What is dementia?

Dementia is a common disease. In the Netherlands, approximately 250,000 people have a form of dementia. The main characteristic of dementia is memory loss. Dementia is primarily a disease of old age. 10% of people over 65 years old and 40% of people over 90 years old suffer from dementia. What is the best thing to do if you think that someone close to you is starting to develop dementia? The word dementia comes from Latin, and it literally means ‘despiritualization’. In someone with dementia, the brain is affected, causing its functions to deteriorate. The dementia process is irreversible, but the rate of decline can vary greatly. The person himself often has little insight into the illness. That is why it is important that the partner and/or family gain this insight.

Recognizing dementia

It is useful to know how to recognize (early) dementia. It is nice to know this as soon as possible. A person with dementia often has a number of problems that occur simultaneously. Memory limitations, orientation problems, behavioral changes, mood swings and reduction of intellectual skills. The memory limitation is usually noticeable at first. The person with dementia has difficulty remembering names or appointments, and can often remember little of something that has just been told to him. Problems with orientation are also common. This may mean that someone no longer remembers the correct day or time, or that someone no longer knows how to find their way. Problems with recognizing people can also occur. The behavior or feelings of the person with dementia can also change. Sometimes a person with dementia becomes sad or rebellious when they notice that they are functioning less well than normal. Dementia does not happen overnight, but it is a gradual process. In the beginning, people in the immediate environment often have a strange feeling, they sense that something is going on, but what? Once it is known that it is dementia, previous events often fall into place.

Doubts

If you are unsure whether or not someone has dementia, it is wise to talk to others about it. Sometimes that is difficult, because you don’t want to just call someone demented, when that is not the case at all. If it concerns a family member, you can talk to other family members about it to see if they notice the same thing. And with friends, maybe with other friends, or family. Everyone looks at it differently and experiences the person in different situations. This way you get a very complete picture. Suppose it concerns dementia, if you express your doubts you will at least be caught early. The people involved deal with dementia in very different ways. Some are very good at hiding the fact that they have limitations. Others really don’t realize anything is going on. Outside of family and friends, try to have a conversation with the person themselves.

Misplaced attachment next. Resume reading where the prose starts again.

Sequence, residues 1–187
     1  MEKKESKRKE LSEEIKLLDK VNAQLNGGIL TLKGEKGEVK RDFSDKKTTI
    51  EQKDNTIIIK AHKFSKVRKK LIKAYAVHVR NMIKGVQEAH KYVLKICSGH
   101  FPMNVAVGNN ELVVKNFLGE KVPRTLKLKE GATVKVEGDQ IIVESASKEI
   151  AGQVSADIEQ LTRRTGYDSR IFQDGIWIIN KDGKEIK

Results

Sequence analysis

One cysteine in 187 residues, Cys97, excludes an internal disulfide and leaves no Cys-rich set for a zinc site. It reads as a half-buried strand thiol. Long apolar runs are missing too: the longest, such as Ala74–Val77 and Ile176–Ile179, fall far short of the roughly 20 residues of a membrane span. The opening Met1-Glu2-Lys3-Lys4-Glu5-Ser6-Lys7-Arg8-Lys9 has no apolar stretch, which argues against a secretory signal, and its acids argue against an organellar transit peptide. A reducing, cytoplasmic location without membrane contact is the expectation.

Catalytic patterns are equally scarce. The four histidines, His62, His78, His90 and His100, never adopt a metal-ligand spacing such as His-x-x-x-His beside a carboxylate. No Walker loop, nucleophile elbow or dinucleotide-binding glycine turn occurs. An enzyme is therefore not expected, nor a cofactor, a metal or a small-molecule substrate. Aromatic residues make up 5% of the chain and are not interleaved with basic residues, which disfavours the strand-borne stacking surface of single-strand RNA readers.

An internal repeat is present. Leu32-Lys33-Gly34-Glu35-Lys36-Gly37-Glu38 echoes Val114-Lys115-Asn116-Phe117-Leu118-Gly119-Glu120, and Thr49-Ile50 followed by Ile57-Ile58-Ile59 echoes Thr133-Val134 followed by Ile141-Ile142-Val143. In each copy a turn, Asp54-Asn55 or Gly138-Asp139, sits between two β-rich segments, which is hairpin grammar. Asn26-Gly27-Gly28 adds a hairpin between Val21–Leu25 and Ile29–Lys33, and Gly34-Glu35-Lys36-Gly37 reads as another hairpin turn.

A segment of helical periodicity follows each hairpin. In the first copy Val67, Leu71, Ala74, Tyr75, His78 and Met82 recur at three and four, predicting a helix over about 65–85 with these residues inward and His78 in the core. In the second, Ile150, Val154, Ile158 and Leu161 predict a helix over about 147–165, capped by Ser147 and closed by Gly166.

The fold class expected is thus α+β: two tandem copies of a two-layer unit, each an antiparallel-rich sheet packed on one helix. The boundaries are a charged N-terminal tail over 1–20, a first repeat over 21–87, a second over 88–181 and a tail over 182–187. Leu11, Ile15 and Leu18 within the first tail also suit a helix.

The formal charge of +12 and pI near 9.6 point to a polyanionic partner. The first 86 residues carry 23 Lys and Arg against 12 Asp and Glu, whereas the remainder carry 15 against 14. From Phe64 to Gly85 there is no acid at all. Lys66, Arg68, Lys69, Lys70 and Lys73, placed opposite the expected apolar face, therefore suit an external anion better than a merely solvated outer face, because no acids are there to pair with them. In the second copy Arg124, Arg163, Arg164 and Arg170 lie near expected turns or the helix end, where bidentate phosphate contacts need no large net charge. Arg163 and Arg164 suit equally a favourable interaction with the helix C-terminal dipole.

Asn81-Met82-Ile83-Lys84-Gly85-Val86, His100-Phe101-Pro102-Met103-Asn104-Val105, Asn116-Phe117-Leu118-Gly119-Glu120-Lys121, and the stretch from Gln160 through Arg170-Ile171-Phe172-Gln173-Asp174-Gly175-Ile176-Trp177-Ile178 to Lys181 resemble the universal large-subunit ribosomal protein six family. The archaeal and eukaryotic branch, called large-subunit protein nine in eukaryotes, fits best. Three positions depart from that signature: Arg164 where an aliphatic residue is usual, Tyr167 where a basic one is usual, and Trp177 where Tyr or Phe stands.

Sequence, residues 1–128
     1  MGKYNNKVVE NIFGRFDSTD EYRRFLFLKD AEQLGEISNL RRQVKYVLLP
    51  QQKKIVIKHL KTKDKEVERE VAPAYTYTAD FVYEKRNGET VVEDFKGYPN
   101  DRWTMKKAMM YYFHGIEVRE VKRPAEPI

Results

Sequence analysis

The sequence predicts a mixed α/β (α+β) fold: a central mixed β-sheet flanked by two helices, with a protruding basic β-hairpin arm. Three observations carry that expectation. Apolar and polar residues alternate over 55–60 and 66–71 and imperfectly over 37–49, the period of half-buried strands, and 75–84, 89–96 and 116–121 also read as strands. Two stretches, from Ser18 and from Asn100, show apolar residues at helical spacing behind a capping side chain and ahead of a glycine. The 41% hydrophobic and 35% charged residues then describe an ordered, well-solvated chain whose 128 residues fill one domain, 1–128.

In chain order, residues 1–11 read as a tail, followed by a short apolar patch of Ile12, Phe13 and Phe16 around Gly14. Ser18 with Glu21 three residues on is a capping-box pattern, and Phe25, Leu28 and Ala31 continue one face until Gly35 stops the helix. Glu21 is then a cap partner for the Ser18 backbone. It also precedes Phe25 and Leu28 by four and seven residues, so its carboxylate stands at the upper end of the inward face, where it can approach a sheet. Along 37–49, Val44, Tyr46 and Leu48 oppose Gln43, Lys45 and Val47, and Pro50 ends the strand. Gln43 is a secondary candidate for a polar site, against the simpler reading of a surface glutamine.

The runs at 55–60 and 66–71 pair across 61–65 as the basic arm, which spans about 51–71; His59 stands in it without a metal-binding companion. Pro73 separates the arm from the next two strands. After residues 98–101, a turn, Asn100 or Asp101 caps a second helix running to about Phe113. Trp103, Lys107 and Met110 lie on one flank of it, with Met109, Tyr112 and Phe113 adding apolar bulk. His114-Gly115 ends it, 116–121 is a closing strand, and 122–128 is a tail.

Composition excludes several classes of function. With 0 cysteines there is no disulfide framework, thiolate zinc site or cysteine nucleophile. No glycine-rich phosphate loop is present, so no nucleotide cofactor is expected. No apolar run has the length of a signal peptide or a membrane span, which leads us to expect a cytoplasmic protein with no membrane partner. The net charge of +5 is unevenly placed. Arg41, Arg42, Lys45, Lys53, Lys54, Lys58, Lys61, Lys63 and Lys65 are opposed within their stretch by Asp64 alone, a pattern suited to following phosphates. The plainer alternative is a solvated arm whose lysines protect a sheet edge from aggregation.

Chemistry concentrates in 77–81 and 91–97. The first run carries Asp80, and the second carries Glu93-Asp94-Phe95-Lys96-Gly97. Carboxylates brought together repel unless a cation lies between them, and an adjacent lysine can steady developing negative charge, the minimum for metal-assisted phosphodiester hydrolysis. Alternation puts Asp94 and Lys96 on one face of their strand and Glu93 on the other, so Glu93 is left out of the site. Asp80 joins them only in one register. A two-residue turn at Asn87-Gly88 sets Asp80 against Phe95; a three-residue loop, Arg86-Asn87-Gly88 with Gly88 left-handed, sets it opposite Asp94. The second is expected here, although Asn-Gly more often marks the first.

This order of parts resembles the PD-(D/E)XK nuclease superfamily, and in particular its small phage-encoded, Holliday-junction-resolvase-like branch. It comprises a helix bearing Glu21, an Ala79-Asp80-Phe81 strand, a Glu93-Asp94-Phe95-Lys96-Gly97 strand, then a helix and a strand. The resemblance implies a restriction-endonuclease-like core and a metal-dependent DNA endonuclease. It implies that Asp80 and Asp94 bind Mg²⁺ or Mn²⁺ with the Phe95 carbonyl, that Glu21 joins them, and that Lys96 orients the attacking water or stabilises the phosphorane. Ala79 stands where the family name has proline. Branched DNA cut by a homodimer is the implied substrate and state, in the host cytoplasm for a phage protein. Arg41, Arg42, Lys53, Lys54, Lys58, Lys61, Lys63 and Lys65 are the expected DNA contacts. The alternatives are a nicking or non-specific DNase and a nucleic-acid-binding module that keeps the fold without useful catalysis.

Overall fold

Visit a doctor

If you suspect that your partner or family member has dementia, it is wise to visit a doctor. This person can examine and refer any demented person if necessary. There are people with dementia who deny that there is anything wrong with them. They will therefore postpone or refuse a visit to the GP. In that situation you can combine it with, for example, a check-up for high blood pressure. You can also appeal to his compassion ‘I am worried, do it to reassure me’. You can also make the appointment in advance. If it really doesn’t work, you can also request a home visit, which is then supposedly unexpected. It is an idea to visit your doctor in advance to discuss your suspicions before you go together. Make sure that you always come along as a partner or family member.

The diagnose

If the GP recognizes the complaints as dementia, you will often be referred to a memory clinic at a hospital or to a dementia specialist in an Alzheimer’s center. You will usually come into contact with a neurologist, psychologist or geriatrician. It is then investigated what the person concerned can still do and what he or she has difficulty with. Tests are administered that provide an impression of memory, concentration, perception, intellectual skills and planning ability. Discussions are also held with those around the person being examined, and the observations of the specialist are listened to. Sometimes an MRI scan is made or, for example, an examination of cerebrospinal fluid. After these examinations, it is clear whether the person being examined has dementia, and if so, what form it is. Based on this information, a plan for the future can be made, together with the specialist and environment of the person concerned.
When diagnosed with dementia, there is sometimes relief, because mood swings and certain behaviors suddenly fall into place. There is often also sadness, because it is a serious, incurable disease.

read more

  • Different forms of dementia
  • Treatment and management of dementia
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